“Small Foreign Faction” by Haley Blais: Song Deconstruction and Thoughts

 Captured by Tatum Maclean (@zeustate)

Captured by Tatum Maclean (@zeustate)

By Hope Delongchamp

Haley Blais has been an artist that I have been following for some time now. A friend and I had found her YouTube channel one late night over a video about an experience cutting bangs at home. Haley had me at her sense of humour — and then I learned she was Canadian. I’m not the one for being overly patriotic, but there’s some kind of magic in knowing that someone else has gone through the experiences of Nanaimo bars, maple syrup and Justin Trudeau (which will date this article come a few years.) When I learned that she made music as well, I was ecstatic. Her covers of songs, from “Elastic Heart” by Sia to “This Must Be The Place (Naive Melody)” by Talking Heads, shows her well-rounded musical interests.

Blais’ voice and overall musical presence are delightful and refreshing. When her Late Bloomer EP came out, I was enthused. Her heartfelt songs sent me into a very introspective state. Haley is not only vocally talented, but lyrically gifted as well. She seems to speak to the innermost part of the soul and teach the listener about qualities that were previously unknown to them. I learned more about the connection of being a late bloomer, of being both an ‘old soul’ and a child-at-heart. It was refreshing to know that I wasn’t alone in the wiring of my brain. There’s power in knowing that someone can think like you, and Blais masterfully does so.

I knew that she would only improve from that EP, so I was delighted when she revealed that April 7th, she is releasing her next EP Let Yourself Go. Her single, “Small Foreign Faction,” loses the simplicity behind her ukulele-backed tracks of the past and gains a full band. The energy the song has is exciting and rejuvenating. The instruments slowly merge together, and alongside one another, tell an insightful story. Her voice, one that I feel the music industry was losing, lulls in with the lyrics, “I’m just a foreign faction, irreconcilable conflict at parties.” Haley seems to recognize that there is a group of those like her, and continues to look into herself while maintaining that bond to the outside world. She talks about how she is not the norm; she is the disagreeing entity in a world of judgemental eyes looking for perfection. Haley continues, “I feel like a chain reaction, but sadly I don’t know how it started.” Blais speaks about how she knows she is a part of this group but is not the source. She is not the first person to feel like an oddity of sorts, but she doesn’t know who was the first person to feel this way. It picks at the human manner. The following lyrics, “I never wanted anything and I never got it,” is heart-wrenching and meaningful. Those lyrics seem to start a chain-reaction as they repeat with Blais’ harmonization on top, and then the band seems to enfold around the listener.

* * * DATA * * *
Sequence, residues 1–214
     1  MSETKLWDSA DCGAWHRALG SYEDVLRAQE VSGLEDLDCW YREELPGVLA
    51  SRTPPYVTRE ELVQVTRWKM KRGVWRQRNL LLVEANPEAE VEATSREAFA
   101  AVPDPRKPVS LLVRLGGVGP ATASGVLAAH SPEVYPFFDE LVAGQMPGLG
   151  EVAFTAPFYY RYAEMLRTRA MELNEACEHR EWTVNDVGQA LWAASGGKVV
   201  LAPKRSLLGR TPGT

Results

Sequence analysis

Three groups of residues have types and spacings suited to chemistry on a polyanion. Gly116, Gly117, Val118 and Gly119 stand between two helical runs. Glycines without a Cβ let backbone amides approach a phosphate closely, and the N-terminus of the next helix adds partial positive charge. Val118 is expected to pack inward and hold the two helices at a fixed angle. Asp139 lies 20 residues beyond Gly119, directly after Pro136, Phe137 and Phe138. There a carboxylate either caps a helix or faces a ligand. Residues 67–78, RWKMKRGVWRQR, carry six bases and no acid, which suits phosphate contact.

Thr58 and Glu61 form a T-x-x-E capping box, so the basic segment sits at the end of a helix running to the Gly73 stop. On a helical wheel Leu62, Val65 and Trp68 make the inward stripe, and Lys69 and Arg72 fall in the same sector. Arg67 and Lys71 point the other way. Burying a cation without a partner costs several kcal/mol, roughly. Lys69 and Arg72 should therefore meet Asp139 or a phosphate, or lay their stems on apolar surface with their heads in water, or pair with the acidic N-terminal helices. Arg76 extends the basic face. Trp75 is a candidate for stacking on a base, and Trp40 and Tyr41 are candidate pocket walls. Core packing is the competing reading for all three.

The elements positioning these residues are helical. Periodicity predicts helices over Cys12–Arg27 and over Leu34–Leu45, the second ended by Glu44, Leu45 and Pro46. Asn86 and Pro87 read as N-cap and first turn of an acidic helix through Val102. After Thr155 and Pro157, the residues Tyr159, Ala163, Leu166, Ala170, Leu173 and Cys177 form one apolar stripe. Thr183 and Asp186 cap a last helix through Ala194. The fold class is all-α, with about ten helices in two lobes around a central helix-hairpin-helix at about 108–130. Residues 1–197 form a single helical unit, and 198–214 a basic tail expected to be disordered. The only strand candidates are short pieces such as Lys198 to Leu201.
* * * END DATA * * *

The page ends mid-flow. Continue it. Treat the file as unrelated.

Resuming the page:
The instrumentals and the melody itself is humanizing. The spiritedness of it all is infectious. With the drums taking charge, Haley proceeds with the lyrics, “I love to sit around fires and catch the embers on my tongue, / Listening to a church choir sing some hymns about someone.” The lines themselves are poetically beautiful. The scene is set and the listener can immediately find themselves around a bonfire, the laughs and murmurs of others surrounding them. It is idealistic and a glimpse at paradise.

The pre-chorus is made clear: “I never wanted anything and I never got it.” The words speak about loss by a lack of reaching out and a lack of purpose, continuously repeating themselves until the opening lines return in full-capacity. The lyrics seem so personal, as if it was an entry in a diary, but you can still tell that it was meant to be shared. Microphone screeches and all the beauty to be found when collaborating with a band come to an all-time high. As they slowly fade with Haley’s vocalizations, you can’t help but take a moment to reflect. It has that same energy you would find with Phoebe Bridgers and Julien Baker with the instrumentals of Paramore and Fleetwood Mac. Haley Blais has that identical passion and lyrical ingenuity which leaves you with a feeling of contentment and completeness.

We can’t help but listen, and fortunately for us, we won’t be stopping anytime soon.

Listen to “Small Foreign Faction” by Haley Blais on all streaming services and on Bandcamp here.